Also, just so you know, Jessica Simpson, really liked - and I guess, maybe more so her dad, cause her dad handles her career - what I did in Employee of the Month so much that I'm going to be doing Jessica Simpson's next movie. She's doing a remake of Working Girl, so I'm co-starring in that with her later along with Luke Wilson. It'll be my 4th movie I've done with Luke Wilson. I haven't had a big movie like this since In The Army Now, which was also around the same era as 'News Radio.' So that was 15 years ago as well. I've probably done 20 movies since then, and I've even been leads in movies: Best Men, Bongwater, but these are movies that never came out. You know, they went straight to DVD. Or I did cameos in big blockbusters. Like Dude Where's My Car?, Loser, Old School, Road Trip, Zoolander, also those funny little cute, cute - yea but that doesn't make a career, that does not make you a movie star. I'm on in a new era!

FS: Well, Andy are you ever going to do straight drama? We'd love to see you do something serious.

AD: Yes, one time I did, I was one of the leads in a movie called Larceny. I just gave it away, but I wind up being the serial killer there everybody's looking for. And that my character is the most paranoid about, like 'oh he's right around he corner!' yea, I know, he's you, I am the killer. So I've done that, that movie's called Larceny. But, hell yea, I would love to follow in the Robin Williams footsteps. I'd love that.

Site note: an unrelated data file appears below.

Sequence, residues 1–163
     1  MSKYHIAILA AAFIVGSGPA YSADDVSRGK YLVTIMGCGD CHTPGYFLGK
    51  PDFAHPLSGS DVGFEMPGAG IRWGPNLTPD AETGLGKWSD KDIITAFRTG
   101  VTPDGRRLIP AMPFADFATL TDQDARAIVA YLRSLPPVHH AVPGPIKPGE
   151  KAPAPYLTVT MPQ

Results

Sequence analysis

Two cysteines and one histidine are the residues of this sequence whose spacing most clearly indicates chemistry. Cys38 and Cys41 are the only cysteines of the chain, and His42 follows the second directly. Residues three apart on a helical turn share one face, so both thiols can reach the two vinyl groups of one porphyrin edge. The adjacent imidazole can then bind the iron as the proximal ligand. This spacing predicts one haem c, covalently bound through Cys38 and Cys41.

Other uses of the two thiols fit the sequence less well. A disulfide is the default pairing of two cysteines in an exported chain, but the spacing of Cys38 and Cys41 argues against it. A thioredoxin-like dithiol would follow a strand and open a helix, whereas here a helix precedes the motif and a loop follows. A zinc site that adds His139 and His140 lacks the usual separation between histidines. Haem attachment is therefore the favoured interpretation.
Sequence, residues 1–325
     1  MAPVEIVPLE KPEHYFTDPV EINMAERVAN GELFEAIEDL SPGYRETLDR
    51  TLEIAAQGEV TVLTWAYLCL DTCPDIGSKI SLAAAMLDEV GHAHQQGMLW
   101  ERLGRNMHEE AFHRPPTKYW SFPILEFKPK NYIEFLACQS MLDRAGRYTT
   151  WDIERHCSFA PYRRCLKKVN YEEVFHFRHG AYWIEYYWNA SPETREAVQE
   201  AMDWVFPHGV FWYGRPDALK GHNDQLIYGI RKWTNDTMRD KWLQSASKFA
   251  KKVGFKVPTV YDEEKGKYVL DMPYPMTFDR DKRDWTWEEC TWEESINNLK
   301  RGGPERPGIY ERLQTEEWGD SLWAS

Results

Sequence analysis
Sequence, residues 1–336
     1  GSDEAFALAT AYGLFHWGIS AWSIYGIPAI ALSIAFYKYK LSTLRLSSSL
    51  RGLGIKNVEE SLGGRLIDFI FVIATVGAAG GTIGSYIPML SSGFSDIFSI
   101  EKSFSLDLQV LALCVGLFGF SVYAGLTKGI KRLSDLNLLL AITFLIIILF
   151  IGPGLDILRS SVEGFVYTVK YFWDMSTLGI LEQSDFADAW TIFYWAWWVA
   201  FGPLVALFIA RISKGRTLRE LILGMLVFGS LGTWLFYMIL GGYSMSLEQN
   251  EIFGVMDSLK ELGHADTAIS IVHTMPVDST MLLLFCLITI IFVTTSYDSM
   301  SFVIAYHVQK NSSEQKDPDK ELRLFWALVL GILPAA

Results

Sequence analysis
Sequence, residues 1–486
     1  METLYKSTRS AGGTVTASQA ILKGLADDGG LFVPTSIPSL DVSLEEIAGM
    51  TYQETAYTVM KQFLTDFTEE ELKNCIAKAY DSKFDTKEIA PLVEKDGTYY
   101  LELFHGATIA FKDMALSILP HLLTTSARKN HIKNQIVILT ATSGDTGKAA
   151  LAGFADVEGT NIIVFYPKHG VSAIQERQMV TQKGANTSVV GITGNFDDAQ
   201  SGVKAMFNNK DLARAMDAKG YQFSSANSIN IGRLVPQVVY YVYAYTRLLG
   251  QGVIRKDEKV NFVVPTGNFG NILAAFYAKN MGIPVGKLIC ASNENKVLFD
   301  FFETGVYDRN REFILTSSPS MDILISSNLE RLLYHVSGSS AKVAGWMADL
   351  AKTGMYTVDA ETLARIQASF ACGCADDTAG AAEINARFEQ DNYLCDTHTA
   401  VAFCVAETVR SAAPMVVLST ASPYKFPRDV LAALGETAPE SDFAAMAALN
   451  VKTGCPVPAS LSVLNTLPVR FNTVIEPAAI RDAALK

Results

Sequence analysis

At this point I'm just going to do a little bit of everything. I've got Broadway in the works, believe it or not. And then I've got a comedy album coming out at Christmas. That's all done. That's ok… Somebody just recorded it live one day, and my live shows, they ain't much. I just get up on stage and I kinda meander around verbally and I talk and talk, like I'm doing now. And then I answer questions. They slapped it on a fucking CD and they're going to try and fucking sell it, and I'm like 'no one's going to buy it.' I said, here's what you call it. I was talking, and then I say, 'are there any more questions.' And the bartender at the club, from the back, and you can barely hear him, screams out, 'yea I have a question, do your shows always suck?' And that's the title of the comedy album, Do Your Shows Always Suck. That's a doubled-edged sword, 'no, they don't always suck, so this one's sucking now, and this is the one you bought.' No, they don't always suck.

And then I've got a music CD coming out, with Andy Dick and the Bitches of the Century. I can actually play a song for you right now, though. We literally wrote last night, and we wrote it for Jessica Simpson.

FS: Would you, would you mind?

AD: Yea, I'd love to. I don't know how… Do you have your guitar? Good. I'm turning my AC off. Hang on one second.